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What is the investment casting process?

Investment casting is one of the most diverse casting methods used in manufacturing. It is the first choice of engineers because of its advantages such as high dimensional accuracy, smooth surface finish, complex designs, and fast production speed.

The investment casting process is a step-by-step procedure that engineers have perfected over the years to achieve the best possible casting.

Create main mode

The wax pattern is a replica of the final part geometry. A "master model" serves as a standard and can be reused in many casting cycles. Common materials for making master molds are wax, wood, metal and silicone rubber. Material selection depends on factors such as model life, design complexity, thermal expansion/contraction, surface quality, and more. Using this master pattern, operators produce wax patterns for each casting cycle.

Wax pattern assembly

The next step is to assemble the multiple patterns produced in the previous step into an investment casting mold. This combination pattern is called a "tree" because its shape resembles a tree.

The operator then assembles the model using a sprue/runner/riser network. This gating network provides a connected channel for smooth metal flow to all parts of the mold.

The assembly process can be manual or robotic. Manufacturers may choose to assemble manually for low-volume production or have a different design for each casting. On the other hand, if the casting process is very repetitive, it would be wise to invest in a robotic assembly cell.

Application of refractory materials (impregnation)

Next, the operator coats the model with a layer of refractory material to achieve the desired properties. The coating process occurs in multiple dipping cycles. They repeatedly immersed the tree in a bath of ceramic slurry and sand and plaster in a gradually rotating motion. The ceramic helps make the mold resistant to heat, and the plaster increases its strength.


With each dipping cycle, the thickness of the ceramic shell around the wax pattern increases. Be careful when applying the initial layer (also called the primary core) as it has a large impact on part quality and geometry.

Repeat this process until you reach the desired shell thickness. Typically, shell thickness ranges from 3/8” – 1/2, depending on the size and weight of the casting, as well as the material of the casting. If the part is heavy and the metal has a high melting temperature, the shell should be thick enough to withstand the temperature and stress.


During the dewaxing process, the wax inside the ceramic shell is removed by melting it. Industrial units often include steam autoclaves or flash furnaces to heat and melt the wax.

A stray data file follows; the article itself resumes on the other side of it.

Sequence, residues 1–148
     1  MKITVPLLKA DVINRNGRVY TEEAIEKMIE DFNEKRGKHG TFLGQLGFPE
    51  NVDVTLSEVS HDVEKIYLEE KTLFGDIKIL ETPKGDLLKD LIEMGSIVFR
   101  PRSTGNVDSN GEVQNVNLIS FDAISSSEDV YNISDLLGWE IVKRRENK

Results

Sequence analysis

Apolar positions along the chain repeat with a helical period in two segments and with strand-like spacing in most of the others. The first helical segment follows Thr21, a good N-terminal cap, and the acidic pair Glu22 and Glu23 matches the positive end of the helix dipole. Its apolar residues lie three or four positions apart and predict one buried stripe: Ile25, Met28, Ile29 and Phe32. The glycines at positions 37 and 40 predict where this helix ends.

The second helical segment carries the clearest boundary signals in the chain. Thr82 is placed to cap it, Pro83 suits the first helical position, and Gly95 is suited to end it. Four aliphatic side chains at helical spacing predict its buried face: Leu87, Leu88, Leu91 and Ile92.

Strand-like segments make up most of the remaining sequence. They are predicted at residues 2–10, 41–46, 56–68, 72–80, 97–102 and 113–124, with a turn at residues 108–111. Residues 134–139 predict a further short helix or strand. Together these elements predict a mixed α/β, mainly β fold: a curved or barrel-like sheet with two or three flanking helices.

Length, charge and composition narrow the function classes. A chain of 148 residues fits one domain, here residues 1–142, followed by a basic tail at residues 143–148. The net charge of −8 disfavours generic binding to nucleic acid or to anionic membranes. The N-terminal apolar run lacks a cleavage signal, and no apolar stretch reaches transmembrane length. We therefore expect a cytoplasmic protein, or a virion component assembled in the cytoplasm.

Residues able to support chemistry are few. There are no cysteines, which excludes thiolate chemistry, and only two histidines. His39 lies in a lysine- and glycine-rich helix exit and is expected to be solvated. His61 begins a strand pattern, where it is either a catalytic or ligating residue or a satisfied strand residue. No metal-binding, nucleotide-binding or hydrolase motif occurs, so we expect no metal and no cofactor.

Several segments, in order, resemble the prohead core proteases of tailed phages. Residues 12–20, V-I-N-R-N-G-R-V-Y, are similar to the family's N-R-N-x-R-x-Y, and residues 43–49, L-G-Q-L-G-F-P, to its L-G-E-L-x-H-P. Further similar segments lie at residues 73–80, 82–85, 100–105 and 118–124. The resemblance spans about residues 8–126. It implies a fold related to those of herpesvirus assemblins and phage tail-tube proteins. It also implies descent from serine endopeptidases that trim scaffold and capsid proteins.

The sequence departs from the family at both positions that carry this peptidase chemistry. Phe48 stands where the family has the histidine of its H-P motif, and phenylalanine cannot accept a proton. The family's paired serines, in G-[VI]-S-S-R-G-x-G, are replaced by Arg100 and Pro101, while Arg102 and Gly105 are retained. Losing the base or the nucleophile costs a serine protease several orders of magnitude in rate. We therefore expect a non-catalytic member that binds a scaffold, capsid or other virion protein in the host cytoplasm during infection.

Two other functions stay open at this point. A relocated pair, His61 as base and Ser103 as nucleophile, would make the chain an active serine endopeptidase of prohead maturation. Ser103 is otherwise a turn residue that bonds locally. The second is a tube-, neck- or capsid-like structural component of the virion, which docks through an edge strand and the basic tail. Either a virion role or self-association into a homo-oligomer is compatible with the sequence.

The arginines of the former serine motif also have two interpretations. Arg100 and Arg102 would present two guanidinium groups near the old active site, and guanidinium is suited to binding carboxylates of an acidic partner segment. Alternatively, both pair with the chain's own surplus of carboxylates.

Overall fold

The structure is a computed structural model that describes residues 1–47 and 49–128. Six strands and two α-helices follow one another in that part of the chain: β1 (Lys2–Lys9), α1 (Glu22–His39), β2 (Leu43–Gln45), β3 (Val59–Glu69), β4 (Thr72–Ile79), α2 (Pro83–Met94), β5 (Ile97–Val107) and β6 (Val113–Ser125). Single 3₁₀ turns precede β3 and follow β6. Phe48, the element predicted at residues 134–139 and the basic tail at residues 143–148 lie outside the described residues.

The operator will lower the mold so that the molten wax can flow out easily. In the autoclave, steam heats the mold for 90 hours at 12°C - 175°C, with most of the wax flowing out. After this, bake the mold at a higher temperature up to 1000°C for several hours to burn off the remaining wax and evaporate the moisture.

This is a critical stage in the casting process, as such high temperatures can cause defects in the mold shell. Cracking is a common problem that engineers try to avoid. Therefore, it is good practice in an investment foundry to dewax the mold in a way that the wax melts but does not damage the mold.

A positive side effect of this process is the heat treatment of the refractory material. This increases the strength of the shell and also reduces its reactivity with molten metal.

Preheating and casting

In this step, the actual Lost Wax Casting process takes place. Operators preheat the mold to minimize thermal shock when in contact with hot liquid metal.

An operator or machinery pours liquid metal into the mold in a controlled manner. It is important to maintain the pouring speed at this point to minimize casting defects associated with turbulence. What's more, if the molten metal is prone to reacting with air, it is also recommended to create a vacuum environment around the mold. After the pouring process is complete, the metal solidifies and cools within the mold.

post processing

At this stage, the operator disassembles the mold by knocking it out with a hammer or water jet. Once removed from the mold, the part goes through multiple semi-finishing operations.

These operations include cutting off the gating system since it is not part of the product. Likewise, rough surfaces, jagged edges, and other imperfections can be smoothed by sanding or sandblasting. In addition, machining operations such as milling and drilling enable the finishing of holes and surfaces. Parts can also be given a range of surface finish treatments to achieve the desired surface quality.

The parts are then inspected for quality after post-processing operations. The inspection team checks the parts for defects such as cracks and pores through tests such as mold penetration testing. In addition, they check other quality factors such as geometric and dimensional tolerances, hardness and strength.

It is obvious that investment casting is a highly technical process that requires skill and experience to perform correctly. Do you need some castings? ABU is your best partner for unparalleled casting services, including investment casting and die casting services.






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